• Anonymous
    1 decade ago

    A notary only validates that the person whom signed the agreement has shown proof of identity. A notary does not valid if the contract is legal or valid.

    A minor cannot legally sign a contract. Yes, a judge will look at it but will end up placing no value on it.

    If the child is currently is in a good home, the judge will be reluctant to give custody to the other parent. A judge will go by what is best for the child. That means stability in a child's life. Increased visitation is a different matter altogether.

  • 1 decade ago

    The document is not legal. It isn't fraudulent, but the no judge would pay much attention to it's validity. You have to be of legal age to enter into a valid contract.

    If money's really tight your sister should go to the Family Law court and contact the Family Law Facilitators for assistance in filling out the necessary paperwork if she wants to regain custody of her son. Her better course of action would be to contact an attorney who practices family law. They'll get the ball rolling in a big way.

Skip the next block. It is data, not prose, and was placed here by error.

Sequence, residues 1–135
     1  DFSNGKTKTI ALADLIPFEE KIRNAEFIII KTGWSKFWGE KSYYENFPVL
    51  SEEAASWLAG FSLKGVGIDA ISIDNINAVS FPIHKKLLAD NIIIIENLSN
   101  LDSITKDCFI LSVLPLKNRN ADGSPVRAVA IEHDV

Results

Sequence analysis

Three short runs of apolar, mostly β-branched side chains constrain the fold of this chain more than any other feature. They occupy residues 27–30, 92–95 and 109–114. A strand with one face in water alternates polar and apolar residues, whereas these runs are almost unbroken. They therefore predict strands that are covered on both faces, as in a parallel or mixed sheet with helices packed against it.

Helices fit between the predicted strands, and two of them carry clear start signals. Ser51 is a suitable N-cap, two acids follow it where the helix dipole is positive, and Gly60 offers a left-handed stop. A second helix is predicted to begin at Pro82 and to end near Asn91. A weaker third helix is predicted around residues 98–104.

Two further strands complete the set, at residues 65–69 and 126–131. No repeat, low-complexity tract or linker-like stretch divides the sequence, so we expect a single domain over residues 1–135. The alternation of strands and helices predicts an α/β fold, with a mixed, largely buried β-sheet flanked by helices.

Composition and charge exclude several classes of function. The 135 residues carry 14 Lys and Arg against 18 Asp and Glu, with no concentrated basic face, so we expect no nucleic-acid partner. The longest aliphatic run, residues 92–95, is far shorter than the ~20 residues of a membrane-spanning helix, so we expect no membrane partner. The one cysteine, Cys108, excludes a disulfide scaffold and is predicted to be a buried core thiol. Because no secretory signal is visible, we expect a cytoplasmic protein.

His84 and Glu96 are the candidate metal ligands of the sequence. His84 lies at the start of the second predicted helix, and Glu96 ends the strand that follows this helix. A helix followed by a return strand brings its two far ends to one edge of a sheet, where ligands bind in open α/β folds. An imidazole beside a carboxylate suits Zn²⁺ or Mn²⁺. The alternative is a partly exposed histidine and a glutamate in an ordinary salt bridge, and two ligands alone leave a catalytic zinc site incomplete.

Your sister will need the equivalent of a parenting plan put into place that determines custody. From what you've explained, if the father is giving her son a good home, it may wind up being a case of 50/50 custody. But 50% is better than nothing, right?

  • 1 decade ago

    You are wrong on many counts. First the parents can determine custody without ever speaking to a judge, if they both agree, which is what your sister did. Secondly, a 6 year old can have a document notarized as long as he has a legal picture ID. I am assuming your sister had a driver's license, so it is legal. Thirdly, custody can always be changed. Hire a lawyer and file for custody ASAP. The longer you delay, the harder the fight will be. Their preventing her from having contact with the child definitely works against them. They have handled this completely wrong, and a good lawyer can make that show in court.